-e
--exit-0
This option exists mainly for people who collect many shell archives into a single mail folder. With this option, unshar isolates each different shell archive from the others which have been put in the same file, unpacking each in turn, from the beginning of the file towards its end. Its proper operation relies on the fact that many shar files are terminated by a `exit 0' at the beginning of a line. Option -e is internally equivalent to -E "exit 0".
-E string
--split-at=string
This option works like -e, but it allows you to specify the string that separates archives if `exit 0' isn't appropriate. For example, noticing that most `.signatures' have a `--' on a line right before them, one can sometimes use `--split-at=--' for splitting shell archives which lack the `exit 0' line at end. The signature will then be skipped altogether with the headers of the following message.

Miscellaneous considerations

Here is a place-holder for many considerations which do not fit elsewhere, while not worth a section for themselves.

Be careful that the output file(s) are not included in the inputs or shar may loop until the disk fills up. Be particularly careful when a directory is passed to shar that the output files are not in that directory (or a subdirectory of that directory).

When a directory is passed to shar, it may be scanned more than once, to conserve memory. Therefore, one should be careful to not change the directory contents while shar is running.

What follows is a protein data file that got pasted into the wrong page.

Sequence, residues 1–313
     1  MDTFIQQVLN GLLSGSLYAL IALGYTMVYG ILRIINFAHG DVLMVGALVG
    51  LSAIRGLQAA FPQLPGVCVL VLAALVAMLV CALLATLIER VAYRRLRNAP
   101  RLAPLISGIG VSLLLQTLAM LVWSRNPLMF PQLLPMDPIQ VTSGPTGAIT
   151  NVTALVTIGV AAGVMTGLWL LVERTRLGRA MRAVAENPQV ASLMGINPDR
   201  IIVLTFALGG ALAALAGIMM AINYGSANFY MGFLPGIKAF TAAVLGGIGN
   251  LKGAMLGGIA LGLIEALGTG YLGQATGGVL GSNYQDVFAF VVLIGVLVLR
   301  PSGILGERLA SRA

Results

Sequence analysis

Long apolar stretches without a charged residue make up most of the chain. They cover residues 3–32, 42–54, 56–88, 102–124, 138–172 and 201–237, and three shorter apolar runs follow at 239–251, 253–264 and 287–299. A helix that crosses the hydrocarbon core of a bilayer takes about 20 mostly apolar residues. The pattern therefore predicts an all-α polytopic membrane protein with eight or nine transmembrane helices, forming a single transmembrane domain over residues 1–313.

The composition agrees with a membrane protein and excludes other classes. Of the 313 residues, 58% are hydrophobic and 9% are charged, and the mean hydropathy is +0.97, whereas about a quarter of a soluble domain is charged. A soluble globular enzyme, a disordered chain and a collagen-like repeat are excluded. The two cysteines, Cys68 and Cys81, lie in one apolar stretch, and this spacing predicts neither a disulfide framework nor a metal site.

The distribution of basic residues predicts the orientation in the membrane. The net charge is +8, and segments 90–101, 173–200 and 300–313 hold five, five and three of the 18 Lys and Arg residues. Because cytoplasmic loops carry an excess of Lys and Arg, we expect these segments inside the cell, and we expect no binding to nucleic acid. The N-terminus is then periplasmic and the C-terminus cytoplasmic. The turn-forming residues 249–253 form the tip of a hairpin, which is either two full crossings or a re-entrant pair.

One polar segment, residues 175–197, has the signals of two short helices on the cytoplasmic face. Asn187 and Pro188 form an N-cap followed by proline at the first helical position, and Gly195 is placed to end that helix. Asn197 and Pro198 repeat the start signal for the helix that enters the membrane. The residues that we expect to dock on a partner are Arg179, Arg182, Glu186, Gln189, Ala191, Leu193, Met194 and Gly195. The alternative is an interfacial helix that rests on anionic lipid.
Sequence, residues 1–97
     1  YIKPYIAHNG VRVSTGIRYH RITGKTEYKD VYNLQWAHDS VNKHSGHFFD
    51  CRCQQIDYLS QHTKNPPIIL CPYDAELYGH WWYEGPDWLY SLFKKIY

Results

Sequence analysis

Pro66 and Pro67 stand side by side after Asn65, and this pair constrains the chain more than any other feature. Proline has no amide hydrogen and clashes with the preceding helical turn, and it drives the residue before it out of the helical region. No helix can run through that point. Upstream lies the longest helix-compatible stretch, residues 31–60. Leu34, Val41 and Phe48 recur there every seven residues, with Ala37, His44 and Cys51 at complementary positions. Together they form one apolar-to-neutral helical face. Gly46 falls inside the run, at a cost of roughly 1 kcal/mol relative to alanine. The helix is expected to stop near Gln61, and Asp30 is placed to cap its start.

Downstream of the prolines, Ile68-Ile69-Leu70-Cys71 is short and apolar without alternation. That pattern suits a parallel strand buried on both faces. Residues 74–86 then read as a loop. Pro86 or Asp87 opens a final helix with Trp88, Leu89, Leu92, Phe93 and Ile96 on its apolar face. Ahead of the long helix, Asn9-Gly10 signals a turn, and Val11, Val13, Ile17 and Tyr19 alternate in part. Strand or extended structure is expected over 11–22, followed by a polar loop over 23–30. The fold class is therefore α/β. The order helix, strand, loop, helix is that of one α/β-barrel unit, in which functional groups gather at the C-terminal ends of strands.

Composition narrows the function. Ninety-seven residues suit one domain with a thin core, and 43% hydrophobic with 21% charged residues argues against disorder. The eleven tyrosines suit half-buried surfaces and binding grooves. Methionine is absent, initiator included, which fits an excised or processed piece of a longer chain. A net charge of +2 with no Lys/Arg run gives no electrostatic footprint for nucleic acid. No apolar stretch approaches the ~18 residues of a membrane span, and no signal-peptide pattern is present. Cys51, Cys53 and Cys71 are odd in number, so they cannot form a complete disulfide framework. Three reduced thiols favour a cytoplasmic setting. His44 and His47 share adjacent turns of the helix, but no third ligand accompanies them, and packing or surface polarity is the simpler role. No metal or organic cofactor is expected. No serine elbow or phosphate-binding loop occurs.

No attempt is made to restore the protection and modification dates for directories, even if this is done by default for files. Thus, if a directory is given to shar, the protection and modification dates of corresponding unpacked directory may not match those of the original.

Use of the -M or -B options will slow down the archive process. Use of the -z or -Z options may slow the archive process considerably.

Let us conclude by a showing a few examples of shar usage:

shar *.c > cprog.shar
shar -Q *.[ch] > cprog.shar
shar -B -l28 -oarc.sh. *.arc
shar -f /lcl/src/u*.c > u.sh

The first shows how to make a shell archive out of all C program sources. The second produces a shell archive with all `.c' and `.h' files, which unpacks silently. The third gives a shell archive of all uuencoded `.arc' files, into files `arc.sh.01' through to `arc.sh.nnn'. The last example gives a shell archive which will use only the file names at unpack time.